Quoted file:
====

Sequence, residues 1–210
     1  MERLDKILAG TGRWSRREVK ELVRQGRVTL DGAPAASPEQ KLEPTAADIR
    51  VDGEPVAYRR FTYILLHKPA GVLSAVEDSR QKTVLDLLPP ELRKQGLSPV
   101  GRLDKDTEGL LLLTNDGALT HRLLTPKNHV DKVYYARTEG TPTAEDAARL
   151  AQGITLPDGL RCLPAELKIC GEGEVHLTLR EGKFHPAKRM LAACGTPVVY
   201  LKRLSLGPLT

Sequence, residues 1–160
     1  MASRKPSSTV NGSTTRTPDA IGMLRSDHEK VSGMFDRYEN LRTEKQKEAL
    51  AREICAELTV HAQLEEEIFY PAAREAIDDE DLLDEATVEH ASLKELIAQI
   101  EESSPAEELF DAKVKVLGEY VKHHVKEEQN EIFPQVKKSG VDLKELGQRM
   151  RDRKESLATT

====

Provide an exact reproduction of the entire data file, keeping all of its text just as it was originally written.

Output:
Sequence, residues 1–210
     1  MERLDKILAG TGRWSRREVK ELVRQGRVTL DGAPAASPEQ KLEPTAADIR
    51  VDGEPVAYRR FTYILLHKPA GVLSAVEDSR QKTVLDLLPP ELRKQGLSPV
   101  GRLDKDTEGL LLLTNDGALT HRLLTPKNHV DKVYYARTEG TPTAEDAARL
   151  AQGITLPDGL RCLPAELKIC GEGEVHLTLR EGKFHPAKRM LAACGTPVVY
   201  LKRLSLGPLT

Sequence, residues 1–160
     1  MASRKPSSTV NGSTTRTPDA IGMLRSDHEK VSGMFDRYEN LRTEKQKEAL
    51  AREICAELTV HAQLEEEIFY PAAREAIDDE DLLDEATVEH ASLKELIAQI
   101  EESSPAEELF DAKVKVLGEY VKHHVKEEQN EIFPQVKKSG VDLKELGQRM
   151  RDRKESLATT